So I had to write an interpretation of a photograph. I wrote about Mary Ellen Mark’s photo above. Any thoughts?
I chose to write about the image, “Amanda and Her Cousin Amy” by the photographer Mary Ellen Mark. I remember a couple of years ago I was sitting in a book store and happened across Mary’s book titled, Exposure, when I opened it, this was the first image I came to. I can recall myself sitting and staring at this image for almost a half an hour, trying to process what I was looking at. I ended up buying the book, just for this one image so I could take it home and dissect it some more. I hadn’t really looked much at the book since then and now a couple years have past; I want to try to really break down why this image stuck me so much.
In the instant the viewer looks at the image one can notice that something is a bit abnormal about these two little girls in a child’s swimming pool. The girl in the foreground seems to be no older then the age of 9 or 10, but the viewer can get a sense that she is not a normal 9 or 10 year old. The girl has heavy eyeliner and make-up on for starters, but I think the most eye-catching aspect is most defiantly the fact that this underage girl is smoking a cigarette so nonchalantly. She has her right arm crossed under her left elbow, propping up her arm, with the smokeable in her hand, while exhaling a big puff of smoke. The viewer gets the feeling of this girl is taking her normal, everyday, “smoke break” from being a kid, just like an adult would from a job. The girl in the background, to me, seems to be the most out of place thing about this image simply because she is “too normal” but yet, really speaks volumes about the image. She appears to be a slightly chubby, all American girl, playing with her friend on a summer day.
Mark took this image for a series for Life magazine, documenting a special school for children with problems, as she described it. She recalls that Amanda, the girl smoking, was her favorite child and was only 9 years old at the time the image was taken. She tells that Amanda is very smart but she was also very naughty. She would always take her smoke breaks every 45 minutes to an hour while out playing with her cousin. She also explains the Amanda was very controlling over her mother. She would bark orders, steal her mother’s make-up, and would smoke openly in front of her mother, while the mother would never say anything to discipline the girl. Amanda pretty much was the boss of her home.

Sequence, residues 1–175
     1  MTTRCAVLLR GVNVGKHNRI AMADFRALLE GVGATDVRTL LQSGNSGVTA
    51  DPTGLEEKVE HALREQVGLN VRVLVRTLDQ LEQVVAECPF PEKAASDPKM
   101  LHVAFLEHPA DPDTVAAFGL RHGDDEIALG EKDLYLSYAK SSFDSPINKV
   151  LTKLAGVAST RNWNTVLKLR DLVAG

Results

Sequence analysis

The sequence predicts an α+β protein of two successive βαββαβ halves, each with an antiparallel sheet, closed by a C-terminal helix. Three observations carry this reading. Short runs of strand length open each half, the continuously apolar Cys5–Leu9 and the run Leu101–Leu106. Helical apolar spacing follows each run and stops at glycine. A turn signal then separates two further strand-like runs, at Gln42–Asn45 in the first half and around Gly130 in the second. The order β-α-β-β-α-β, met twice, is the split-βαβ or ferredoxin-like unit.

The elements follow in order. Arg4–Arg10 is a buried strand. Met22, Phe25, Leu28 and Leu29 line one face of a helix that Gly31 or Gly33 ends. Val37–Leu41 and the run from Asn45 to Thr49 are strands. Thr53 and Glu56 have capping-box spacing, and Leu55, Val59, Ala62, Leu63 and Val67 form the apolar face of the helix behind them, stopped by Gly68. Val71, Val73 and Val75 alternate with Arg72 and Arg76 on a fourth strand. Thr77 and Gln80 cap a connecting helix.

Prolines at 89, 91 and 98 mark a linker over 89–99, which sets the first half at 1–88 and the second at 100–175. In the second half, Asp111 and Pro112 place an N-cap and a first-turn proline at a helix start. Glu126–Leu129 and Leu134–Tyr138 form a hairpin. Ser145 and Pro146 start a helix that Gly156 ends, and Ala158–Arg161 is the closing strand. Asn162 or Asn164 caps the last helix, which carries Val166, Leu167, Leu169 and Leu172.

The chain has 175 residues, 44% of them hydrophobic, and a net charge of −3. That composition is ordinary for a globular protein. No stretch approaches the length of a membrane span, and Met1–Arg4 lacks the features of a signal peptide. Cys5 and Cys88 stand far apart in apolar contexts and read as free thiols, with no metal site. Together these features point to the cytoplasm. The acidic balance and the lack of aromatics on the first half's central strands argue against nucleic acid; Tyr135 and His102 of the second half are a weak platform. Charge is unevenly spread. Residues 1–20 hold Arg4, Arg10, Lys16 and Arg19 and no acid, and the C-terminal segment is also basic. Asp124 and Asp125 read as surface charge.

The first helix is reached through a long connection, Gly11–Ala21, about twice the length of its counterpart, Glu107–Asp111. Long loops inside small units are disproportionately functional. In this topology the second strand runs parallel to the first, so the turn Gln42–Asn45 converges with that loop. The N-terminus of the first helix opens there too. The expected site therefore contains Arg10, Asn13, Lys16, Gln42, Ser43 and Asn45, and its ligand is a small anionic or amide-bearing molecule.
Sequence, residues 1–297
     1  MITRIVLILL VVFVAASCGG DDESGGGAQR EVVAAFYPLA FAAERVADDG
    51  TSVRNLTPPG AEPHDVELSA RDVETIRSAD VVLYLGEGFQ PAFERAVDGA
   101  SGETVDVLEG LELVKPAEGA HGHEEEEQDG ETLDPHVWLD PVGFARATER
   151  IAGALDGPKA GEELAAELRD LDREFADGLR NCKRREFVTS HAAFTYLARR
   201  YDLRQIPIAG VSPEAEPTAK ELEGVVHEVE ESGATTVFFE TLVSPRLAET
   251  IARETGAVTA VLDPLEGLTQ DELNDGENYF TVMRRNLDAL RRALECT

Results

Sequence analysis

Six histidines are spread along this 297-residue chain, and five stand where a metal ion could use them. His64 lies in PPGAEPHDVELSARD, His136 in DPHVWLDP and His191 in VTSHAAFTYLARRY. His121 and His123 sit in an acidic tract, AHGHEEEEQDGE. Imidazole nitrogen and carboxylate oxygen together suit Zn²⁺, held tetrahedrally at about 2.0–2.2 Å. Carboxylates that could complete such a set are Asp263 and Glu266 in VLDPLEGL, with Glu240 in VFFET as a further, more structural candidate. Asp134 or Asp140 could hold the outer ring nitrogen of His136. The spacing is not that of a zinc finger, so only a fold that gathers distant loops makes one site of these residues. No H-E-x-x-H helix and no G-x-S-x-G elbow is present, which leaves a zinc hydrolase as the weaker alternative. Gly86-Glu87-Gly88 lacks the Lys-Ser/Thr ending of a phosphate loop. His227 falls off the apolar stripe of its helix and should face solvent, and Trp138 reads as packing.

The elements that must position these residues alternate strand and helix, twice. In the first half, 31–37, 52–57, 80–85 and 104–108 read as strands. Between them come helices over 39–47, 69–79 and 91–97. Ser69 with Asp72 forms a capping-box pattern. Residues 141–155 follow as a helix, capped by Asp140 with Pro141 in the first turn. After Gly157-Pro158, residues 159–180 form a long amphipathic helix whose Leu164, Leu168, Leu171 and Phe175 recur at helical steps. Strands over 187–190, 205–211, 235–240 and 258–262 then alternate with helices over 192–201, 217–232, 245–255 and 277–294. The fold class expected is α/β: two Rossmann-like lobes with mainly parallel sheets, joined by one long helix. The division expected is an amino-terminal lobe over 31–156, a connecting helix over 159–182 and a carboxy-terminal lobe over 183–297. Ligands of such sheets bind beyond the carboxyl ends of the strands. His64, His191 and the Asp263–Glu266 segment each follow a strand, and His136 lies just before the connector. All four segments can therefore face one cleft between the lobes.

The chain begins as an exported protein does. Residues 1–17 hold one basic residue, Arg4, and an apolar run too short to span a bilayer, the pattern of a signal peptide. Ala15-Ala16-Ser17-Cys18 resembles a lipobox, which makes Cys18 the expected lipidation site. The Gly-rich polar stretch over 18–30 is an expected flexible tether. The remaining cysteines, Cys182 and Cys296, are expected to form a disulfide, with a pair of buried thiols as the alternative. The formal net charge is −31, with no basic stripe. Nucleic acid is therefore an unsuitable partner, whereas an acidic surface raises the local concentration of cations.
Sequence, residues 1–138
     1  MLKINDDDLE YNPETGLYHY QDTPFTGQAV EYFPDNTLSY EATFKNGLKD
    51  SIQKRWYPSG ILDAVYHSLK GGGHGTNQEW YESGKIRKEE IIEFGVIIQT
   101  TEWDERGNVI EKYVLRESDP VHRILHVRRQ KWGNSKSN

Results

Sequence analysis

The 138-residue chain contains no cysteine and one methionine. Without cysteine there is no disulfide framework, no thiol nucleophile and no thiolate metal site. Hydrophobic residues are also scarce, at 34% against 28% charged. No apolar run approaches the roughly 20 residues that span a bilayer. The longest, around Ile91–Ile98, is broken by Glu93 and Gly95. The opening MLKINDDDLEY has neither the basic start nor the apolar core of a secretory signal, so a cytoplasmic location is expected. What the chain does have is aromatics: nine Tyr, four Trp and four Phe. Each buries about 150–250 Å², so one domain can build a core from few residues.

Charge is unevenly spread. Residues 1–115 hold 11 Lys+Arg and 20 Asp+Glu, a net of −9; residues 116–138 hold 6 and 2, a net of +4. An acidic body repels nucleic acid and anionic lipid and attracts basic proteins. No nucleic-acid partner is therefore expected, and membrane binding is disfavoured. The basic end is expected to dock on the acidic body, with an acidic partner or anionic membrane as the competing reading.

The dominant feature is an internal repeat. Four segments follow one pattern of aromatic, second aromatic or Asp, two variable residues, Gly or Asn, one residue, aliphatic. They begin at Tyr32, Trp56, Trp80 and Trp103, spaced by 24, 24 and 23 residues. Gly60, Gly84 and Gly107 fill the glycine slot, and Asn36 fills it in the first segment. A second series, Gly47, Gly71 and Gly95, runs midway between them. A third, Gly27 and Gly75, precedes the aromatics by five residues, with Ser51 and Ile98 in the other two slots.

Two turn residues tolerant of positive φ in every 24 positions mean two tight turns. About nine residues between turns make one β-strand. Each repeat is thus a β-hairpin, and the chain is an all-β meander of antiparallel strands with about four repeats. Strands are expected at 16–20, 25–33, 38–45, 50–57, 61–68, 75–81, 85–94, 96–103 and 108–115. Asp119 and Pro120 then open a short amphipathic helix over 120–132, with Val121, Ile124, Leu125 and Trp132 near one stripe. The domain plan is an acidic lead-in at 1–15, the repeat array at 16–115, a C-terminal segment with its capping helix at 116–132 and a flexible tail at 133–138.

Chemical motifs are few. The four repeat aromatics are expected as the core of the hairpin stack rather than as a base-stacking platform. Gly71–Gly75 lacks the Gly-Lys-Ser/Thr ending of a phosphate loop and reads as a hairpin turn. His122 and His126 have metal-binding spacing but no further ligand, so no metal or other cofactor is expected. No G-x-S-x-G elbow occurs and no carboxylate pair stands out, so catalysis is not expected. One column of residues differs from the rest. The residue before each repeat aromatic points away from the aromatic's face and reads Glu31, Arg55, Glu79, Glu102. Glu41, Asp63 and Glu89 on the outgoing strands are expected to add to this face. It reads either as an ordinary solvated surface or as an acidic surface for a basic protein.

I think the most interesting thing about this image is that, had these not been American children, I don’t think the impact, to me, would have been as great, as laws in other countries are different then ours. The viewer can’t immediately tell that these are American children, until the viewer reads the title, which explains it was taken in North Carolina. Once the viewer has connected the demographic of the children, the cultural taboos seem to play much heavier on the impact of the image. It seems to be very reminiscent of Sally Mann’s image of her little girl holding a candy cigarette, yet Mark’s image shows the reality of a little girl smoking, rather then Mann’s more wholesome image.
As I started to look deeper into this image and understand the context of why the image was made, I begin to look at other things that jumped out at me. I noticed how Mark put the focus on Amanda, standing up tall, covering the frame from top to bottom, cropped at the knees. While in contrast you see her cousin, Amy, in the background, sitting down, in a more closed up, relaxed pose. To me I really get the impression of Amanda’s mentality of how she thinks she is grown up, almost inferior to all those around her. I get the sense that Amanda would be very mean to her cousin Amy. To me, it seems that Amanda has had a very hard life, so she trys to cover that up by acting older then she actually is, by reference of the make-up and lung destroying vices.
The girl’s are in a pool of water, which I think could represent the pool of emotions and actions we take as humans. The girl on the right, Amanda, is standing tall, taking charge of the image, demanding the focus is on her, not asking for our attention but taking it. While her cousin, Amy, is the lesser of the action of people, by her being reserved, left out, not trying to act for the camera, but being in the shadows. I also feel that Mark is trying to show how girls are influence by media, such as actresses on television or models in magazines. She is showing how Amanda, wants to be grown up, basically bypassing being a kid, and live up to the fantasy of being a grown up. Amy, on the other hand is like that every little girl that is a little different, and can’t be happy with herself because of the bombardment of propaganda telling girls they should look or dress a certain way. I get that sense just by the look on her face, compared to Amanda’s; in the moment this image was taken. I think this image is a great balance to show the contrast of the spectrum of the roles of children, and how one person’s taboo is another person’s everyday existence.